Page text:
The Jobs Report Probably Wasn’t Good, and It Does Matter

by Patrick Brennan

As Bob Stein explains below, the August jobs report, released this morning by the Bureau of Labor Statistics, was disappointing — just 142,000 jobs were added, and the labor force shrunk slightly. This is not atrocious, but it’s disappointing because the labor market had had a strong six months, with more than 200,000 added per month and the labor force holding steady. Bob also makes an interesting point about how unreliable August reports have been, and it’s possible with revisions, which can easily be in the range of tens of thousands of jobs, that this report won’t look too bad at all.

But the news has still prompted a couple lame apologias from the liberal economic class. Here’s Jason Furman, who’s the head of the president’s Council of Economic Advisers:

One obvious problem: The years prior to this current jobs-growth streak involved losing millions upon millions of jobs. The years prior to November 1996 . . . did not. (Mid 1995 to 1996 did see about one year of slower jobs growth — on the order of 200,000 or so jobs added. That used to be what we called “slower.”) Now, of course, there are reasons why merely repeating the late 90s performance isn’t so bad — e.g., the 1990s saw a labor force growing for demographic reasons, while now our population is aging. But if this is the best the White House has in a weak month, to say that we’re seeing jobs growth unseen since before the Patriots had won a Super Bowl, this recovery is pretty weak.

Something similar comes from Vox’s Ezra Klein, who suggests he has “a much more encouraging way to look at the jobs report.” He points to this tweet, from estimable health-care reporter Dan Diamond:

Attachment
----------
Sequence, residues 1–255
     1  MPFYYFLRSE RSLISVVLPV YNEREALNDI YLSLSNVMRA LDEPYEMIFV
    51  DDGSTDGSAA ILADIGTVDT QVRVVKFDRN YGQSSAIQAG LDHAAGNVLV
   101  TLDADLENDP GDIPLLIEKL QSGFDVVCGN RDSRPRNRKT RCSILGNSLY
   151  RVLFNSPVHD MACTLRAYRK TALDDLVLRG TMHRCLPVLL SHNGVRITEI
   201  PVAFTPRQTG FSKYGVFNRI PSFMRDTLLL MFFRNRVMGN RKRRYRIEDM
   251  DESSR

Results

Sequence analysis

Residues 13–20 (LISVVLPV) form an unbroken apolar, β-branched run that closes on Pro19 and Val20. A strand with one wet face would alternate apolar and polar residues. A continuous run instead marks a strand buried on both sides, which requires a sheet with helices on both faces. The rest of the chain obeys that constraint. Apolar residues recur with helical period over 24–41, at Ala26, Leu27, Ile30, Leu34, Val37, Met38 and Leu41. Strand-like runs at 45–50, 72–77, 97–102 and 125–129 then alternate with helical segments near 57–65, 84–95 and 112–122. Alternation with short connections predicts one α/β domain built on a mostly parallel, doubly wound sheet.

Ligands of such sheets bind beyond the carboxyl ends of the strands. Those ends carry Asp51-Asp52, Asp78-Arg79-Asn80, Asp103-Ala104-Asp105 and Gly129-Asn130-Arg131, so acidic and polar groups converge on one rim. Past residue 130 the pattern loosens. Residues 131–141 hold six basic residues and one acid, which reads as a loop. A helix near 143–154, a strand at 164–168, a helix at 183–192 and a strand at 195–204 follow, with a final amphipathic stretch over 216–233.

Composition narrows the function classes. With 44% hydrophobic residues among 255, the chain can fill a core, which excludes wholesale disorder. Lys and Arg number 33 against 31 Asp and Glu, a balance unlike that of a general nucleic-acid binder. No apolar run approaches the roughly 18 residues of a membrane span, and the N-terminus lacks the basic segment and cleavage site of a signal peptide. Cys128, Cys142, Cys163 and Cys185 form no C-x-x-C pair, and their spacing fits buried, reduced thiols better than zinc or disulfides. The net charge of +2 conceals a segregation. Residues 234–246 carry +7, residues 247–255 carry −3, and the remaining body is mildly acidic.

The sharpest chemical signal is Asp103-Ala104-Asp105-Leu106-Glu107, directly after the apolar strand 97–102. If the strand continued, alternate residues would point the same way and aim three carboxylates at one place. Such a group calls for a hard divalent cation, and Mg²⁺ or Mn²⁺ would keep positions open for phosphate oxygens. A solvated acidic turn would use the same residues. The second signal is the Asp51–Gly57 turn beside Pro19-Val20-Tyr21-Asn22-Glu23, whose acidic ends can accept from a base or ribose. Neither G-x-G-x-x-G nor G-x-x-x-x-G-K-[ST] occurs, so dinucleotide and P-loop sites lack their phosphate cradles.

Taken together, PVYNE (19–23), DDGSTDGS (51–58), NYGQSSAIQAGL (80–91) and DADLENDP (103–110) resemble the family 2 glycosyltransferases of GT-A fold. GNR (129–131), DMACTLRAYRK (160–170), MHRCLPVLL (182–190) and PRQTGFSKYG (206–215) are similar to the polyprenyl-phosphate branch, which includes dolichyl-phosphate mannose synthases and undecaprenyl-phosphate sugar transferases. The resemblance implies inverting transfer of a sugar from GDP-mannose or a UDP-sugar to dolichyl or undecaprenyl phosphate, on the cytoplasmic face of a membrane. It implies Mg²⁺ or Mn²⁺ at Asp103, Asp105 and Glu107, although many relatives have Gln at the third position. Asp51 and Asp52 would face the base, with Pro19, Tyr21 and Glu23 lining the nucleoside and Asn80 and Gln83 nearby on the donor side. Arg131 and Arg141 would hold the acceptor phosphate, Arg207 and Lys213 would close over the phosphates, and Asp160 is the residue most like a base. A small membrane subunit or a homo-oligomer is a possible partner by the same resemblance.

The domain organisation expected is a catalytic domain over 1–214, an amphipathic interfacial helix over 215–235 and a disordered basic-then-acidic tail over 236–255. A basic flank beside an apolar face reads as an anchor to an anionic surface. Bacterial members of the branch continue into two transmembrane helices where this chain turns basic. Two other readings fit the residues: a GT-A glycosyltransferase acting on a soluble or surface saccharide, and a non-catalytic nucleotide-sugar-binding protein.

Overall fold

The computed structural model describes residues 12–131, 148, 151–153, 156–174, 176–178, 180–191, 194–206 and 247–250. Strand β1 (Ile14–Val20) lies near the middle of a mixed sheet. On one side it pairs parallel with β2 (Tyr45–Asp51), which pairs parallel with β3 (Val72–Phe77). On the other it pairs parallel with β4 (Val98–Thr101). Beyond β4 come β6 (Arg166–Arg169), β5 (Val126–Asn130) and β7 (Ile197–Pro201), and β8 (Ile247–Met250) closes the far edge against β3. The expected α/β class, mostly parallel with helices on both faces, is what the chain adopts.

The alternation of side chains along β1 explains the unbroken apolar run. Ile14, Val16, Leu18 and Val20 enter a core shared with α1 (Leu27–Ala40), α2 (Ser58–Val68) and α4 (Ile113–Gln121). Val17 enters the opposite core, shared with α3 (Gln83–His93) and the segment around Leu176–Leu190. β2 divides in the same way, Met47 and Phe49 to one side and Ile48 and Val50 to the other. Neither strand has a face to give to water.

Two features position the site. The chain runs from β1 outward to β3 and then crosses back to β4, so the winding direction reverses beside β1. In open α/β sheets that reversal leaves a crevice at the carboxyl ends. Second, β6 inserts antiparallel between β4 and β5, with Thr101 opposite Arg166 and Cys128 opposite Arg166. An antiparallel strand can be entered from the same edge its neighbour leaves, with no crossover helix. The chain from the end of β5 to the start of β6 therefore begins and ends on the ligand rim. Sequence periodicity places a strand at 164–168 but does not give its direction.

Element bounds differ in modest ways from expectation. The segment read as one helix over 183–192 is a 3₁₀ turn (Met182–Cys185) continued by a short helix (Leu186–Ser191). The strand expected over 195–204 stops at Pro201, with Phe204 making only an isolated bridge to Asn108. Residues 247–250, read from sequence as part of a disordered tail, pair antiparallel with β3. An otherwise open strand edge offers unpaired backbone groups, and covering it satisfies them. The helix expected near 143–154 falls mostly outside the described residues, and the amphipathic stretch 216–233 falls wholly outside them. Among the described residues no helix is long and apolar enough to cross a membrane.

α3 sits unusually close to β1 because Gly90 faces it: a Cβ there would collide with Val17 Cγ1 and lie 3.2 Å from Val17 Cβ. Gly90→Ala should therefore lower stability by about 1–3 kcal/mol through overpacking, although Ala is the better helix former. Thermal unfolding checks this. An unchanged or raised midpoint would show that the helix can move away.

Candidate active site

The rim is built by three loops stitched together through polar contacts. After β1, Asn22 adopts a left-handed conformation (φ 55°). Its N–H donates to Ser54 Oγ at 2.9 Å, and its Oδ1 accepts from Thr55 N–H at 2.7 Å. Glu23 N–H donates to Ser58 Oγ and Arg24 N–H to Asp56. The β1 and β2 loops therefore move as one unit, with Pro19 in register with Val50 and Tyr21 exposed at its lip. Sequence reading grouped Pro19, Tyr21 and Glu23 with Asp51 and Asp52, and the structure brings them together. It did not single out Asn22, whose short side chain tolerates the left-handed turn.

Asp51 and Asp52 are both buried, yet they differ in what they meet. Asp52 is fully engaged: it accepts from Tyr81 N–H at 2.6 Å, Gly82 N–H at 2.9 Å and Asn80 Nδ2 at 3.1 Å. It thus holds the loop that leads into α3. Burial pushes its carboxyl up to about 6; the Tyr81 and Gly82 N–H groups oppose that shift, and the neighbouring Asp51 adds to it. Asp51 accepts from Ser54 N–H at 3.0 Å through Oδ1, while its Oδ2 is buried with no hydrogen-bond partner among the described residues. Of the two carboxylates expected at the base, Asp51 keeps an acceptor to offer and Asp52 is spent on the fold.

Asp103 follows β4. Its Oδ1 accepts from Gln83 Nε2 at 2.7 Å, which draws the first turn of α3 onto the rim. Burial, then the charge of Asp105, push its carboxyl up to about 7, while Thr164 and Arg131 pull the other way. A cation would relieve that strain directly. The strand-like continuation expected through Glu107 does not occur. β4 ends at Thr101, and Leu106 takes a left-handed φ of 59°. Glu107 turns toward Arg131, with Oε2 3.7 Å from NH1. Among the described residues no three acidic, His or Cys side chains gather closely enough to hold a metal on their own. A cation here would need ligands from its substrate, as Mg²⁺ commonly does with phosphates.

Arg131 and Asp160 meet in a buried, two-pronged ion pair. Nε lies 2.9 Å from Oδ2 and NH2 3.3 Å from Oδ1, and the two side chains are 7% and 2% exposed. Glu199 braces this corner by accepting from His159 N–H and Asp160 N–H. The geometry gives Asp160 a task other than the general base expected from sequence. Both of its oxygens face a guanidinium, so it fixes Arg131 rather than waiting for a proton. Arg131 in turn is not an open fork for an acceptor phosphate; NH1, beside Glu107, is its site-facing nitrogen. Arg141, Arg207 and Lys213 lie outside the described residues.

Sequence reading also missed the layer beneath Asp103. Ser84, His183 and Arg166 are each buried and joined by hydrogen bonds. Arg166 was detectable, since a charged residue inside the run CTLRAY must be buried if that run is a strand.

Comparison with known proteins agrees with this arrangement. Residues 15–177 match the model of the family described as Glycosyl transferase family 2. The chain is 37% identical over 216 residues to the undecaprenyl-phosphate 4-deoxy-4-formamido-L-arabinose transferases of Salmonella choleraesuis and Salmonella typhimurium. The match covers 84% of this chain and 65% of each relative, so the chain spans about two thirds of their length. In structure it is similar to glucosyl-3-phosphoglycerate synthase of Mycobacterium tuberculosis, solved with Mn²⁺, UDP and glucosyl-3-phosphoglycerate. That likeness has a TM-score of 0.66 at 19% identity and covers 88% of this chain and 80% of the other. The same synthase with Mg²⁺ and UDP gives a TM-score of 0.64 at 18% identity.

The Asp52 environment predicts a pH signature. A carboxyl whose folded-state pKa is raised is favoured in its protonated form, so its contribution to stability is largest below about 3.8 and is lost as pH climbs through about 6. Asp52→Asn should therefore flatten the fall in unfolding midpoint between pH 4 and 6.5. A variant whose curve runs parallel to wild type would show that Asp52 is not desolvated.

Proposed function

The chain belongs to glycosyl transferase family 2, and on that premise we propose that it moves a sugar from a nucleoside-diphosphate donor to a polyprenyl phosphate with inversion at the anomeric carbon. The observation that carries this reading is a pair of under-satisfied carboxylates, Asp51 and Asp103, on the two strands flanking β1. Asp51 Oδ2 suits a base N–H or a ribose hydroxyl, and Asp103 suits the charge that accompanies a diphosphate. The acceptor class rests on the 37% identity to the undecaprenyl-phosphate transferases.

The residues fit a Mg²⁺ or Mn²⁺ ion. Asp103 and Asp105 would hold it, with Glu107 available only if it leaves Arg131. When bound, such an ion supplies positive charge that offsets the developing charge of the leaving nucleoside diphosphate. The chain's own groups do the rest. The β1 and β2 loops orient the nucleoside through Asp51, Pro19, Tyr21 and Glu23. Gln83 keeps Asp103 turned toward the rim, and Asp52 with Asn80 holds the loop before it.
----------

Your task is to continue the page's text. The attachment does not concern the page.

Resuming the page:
Klein does say, “Now you can go to [sic] far with this kind of thing: the economy was always going to recover, and the question with any recovery is how fast it happens. In this recovery, the line has not climbed nearly as quickly as we hoped.” Well, yes — that’s the entire point. Today’s jobs report is like what we’ve seen most of the recovery, and it was bad.

The economy was going to start adding jobs again, and it hasn’t done so very quickly at all. That chart (deployed to destroy the myth of the jobs-killing Obamacare by another Vox writer the other day) tells us nothing useful about the nature of this recovery, except that it has happened. For that one encouraging chart, I could come up with five others that, devoid of context, would make this look like basically no recovery at all — wage growth, labor-force-participation rate, employment rate as the share of the population, median net worth, median income, etc.

Klein goes on to point out one piece of further context that makes us look good: American employment, he says, “has been steadily climbing, and there are plenty of other countries — including much of Europe — that are mired much further down that curve.” This is correct, but that’s not because we’re doing anything right — it’s because we didn’t do anything so dumb as joining a currency union without a common fiscal policy and regulating our labor markets into ruin. (Indeed, in another post this morning, Klein seems to agree that we’re not actually doing much to help this recovery along.)

It’s possible that this morning’s news will be revised away, and that the employment picture will continue to improve at an above-trend rate. That would be, in the context of this recovery, great news for American workers. It still wouldn’t make this entire recovery, in context, good news.

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